Why You Should Care About Disability Rights
The disability rights movement has long challenged myths and stereotypes that inaccurately portray people with disabilities as unemployable, incapable of education, or unable to become contributing members of society. Limiting the potential of people with disabilities limits the potential of our entire nation.
- A 1994 Louis Harris study showed that two- thirds of people with disabilities ages 16 through 64 reported that they were unemployed -- while 79 percent of them say they want to work.
- Arizona State University health economics professor William Johnson, Ph.D., and East Carolina University assistant professor of economics Marjorie Baldwin, Ph.D., found that workers with disabilities make less than other workers and are less likely to be promoted.
- Less than ten percent of Americans with disabilities own their own homes.
In 1975, Congress enacted a landmark bill on behalf of persons with disabilities: IDEA (Individuals with Disabilities Education Act). IDEA provides that all children with disabilities have a federally-protected right to a free appropriate public education that meets their schooling and related needs in the least restrictive environment, in regular classes, in the school the student would attend if not disabled. Under IDEA, students with disabilities are entitled to support services and devices (such as assistive listening systems, Braille textbooks, talking computers, and speech synthesizers) as needed to facilitate their learning in classrooms alongside nondisabled students.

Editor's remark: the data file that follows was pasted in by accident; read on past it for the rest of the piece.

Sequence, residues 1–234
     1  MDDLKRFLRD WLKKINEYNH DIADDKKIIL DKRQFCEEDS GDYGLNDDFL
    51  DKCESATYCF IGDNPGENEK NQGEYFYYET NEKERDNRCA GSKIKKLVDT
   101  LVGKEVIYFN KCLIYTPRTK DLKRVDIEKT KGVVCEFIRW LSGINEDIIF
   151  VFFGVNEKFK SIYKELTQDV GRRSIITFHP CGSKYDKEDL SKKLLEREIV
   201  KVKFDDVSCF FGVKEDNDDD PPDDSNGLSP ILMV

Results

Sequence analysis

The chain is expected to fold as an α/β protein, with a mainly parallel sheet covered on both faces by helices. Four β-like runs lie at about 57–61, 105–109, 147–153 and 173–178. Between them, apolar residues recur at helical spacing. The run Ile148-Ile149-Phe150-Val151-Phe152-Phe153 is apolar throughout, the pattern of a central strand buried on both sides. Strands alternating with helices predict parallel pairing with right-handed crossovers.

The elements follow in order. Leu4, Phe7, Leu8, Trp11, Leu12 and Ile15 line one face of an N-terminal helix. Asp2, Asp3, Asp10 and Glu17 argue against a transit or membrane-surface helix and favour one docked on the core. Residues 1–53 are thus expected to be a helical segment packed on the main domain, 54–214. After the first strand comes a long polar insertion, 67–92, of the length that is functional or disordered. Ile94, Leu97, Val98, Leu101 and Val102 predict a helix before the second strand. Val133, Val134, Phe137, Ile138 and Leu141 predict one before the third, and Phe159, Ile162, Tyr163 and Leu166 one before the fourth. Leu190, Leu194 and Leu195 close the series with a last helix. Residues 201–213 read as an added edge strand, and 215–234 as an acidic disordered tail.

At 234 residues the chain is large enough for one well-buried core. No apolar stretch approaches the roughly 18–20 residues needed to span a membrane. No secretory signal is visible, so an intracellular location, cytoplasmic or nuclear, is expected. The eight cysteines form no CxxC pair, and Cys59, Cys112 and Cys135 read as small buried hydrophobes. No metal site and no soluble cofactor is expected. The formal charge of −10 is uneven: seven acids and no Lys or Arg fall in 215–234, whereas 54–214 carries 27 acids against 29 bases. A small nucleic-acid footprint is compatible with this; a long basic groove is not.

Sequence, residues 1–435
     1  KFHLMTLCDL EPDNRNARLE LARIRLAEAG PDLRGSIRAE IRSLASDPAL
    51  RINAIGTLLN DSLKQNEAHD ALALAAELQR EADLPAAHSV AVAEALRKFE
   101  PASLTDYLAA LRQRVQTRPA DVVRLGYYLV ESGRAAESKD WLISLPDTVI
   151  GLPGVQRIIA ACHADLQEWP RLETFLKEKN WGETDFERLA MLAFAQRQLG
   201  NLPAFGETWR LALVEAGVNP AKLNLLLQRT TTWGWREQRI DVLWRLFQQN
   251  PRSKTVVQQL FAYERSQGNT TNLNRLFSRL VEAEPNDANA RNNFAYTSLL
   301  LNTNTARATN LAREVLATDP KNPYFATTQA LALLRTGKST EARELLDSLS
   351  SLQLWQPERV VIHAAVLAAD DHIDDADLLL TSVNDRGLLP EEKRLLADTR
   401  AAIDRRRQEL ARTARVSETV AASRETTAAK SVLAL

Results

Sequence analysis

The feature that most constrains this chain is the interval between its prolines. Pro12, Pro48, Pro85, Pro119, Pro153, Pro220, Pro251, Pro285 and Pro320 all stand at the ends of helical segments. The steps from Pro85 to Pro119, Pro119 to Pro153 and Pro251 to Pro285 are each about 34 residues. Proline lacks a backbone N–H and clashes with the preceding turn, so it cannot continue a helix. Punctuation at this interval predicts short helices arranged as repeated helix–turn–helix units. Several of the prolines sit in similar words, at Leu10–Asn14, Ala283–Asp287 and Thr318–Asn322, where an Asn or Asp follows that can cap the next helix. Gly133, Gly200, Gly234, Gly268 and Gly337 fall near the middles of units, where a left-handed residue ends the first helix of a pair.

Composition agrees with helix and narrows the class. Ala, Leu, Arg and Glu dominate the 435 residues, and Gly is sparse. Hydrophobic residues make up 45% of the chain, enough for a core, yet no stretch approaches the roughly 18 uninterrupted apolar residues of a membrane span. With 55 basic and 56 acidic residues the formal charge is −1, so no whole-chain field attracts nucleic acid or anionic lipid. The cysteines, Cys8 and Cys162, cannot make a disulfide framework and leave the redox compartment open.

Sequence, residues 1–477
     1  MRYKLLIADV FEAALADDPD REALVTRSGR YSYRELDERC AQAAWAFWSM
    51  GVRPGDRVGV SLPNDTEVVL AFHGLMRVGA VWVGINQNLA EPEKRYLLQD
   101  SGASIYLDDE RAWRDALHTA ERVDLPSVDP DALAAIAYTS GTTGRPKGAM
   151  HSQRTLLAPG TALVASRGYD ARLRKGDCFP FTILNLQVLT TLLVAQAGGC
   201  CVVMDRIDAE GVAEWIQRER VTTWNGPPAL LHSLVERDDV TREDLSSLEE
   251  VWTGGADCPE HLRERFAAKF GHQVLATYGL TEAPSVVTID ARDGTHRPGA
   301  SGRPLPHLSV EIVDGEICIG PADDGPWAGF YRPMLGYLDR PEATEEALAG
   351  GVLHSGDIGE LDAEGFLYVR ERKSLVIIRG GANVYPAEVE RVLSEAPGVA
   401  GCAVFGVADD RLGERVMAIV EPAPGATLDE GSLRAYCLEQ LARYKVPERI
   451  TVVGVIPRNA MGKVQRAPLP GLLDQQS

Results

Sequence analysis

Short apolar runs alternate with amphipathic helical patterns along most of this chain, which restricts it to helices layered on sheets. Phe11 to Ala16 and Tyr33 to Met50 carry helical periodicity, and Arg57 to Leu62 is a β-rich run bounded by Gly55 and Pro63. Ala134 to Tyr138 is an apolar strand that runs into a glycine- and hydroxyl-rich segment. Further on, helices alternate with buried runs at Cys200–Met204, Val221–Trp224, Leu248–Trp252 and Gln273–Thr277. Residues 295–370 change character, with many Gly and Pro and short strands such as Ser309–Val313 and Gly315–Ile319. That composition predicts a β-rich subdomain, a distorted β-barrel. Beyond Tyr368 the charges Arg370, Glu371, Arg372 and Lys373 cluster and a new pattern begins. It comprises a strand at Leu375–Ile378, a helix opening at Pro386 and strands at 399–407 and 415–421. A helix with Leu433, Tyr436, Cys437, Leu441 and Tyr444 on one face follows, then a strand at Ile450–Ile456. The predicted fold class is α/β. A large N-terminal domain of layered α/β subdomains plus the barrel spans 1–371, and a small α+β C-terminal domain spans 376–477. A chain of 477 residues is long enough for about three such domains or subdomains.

IDEA has significantly improved the quality of the public education received by millions of American children with disabilities. Today, according to the National Council on Disability, "[p]ost-school employment rates for youth served under IDEA are twice that of older adults with disabilities who did not benefit from IDEA in school, and self-reports indicate that the percentage of college freshmen with a disability has almost tripled since 1978."
Despite IDEA's success, its work is far from over. Surveys by the National Council of Disability also found that "the dropout rate for students who receive special education continues to be far higher than that of students who receive general education services. Diploma rates for special education students are far lower than for their peers enrolled in general education services. Unemployment among those with disabilities who want to work, but can't find a job, is approximately 70 percent." Moreover, many children with disabilities - especially minority and/or low-income students - are not yet receiving the services to which they are entitled under IDEA.
Enacted in 1990, the Americans with Disabilities Act was perhaps the most significant and dramatic improvement in civil rights laws in decades. Drawing heavily from previous civil rights legislation, including Titles II and VII of the 1964 Civil Rights Act and the Rehabilitation Act of 1973, it prohibits discrimination against Americans with physical and mental disabilities in such areas as employment, public accommodations, and transportation.
The ADA has greatly expanded opportunities for persons with disabilities in its first decade. For example, 1996 Census Bureau data showed that an additional 800,000 people with severe disabilities joined the workforce in the first three years after the ADA's enactment. The ADA has enabled the removal of barriers such as narrow doors or steps that prevent persons with wheelchairs from attending a town meeting, eating at a restaurant, or registering to vote; and has helped ensure that people who are deaf, hard of hearing, or have speech impairments can access 9-1-1 emergency services.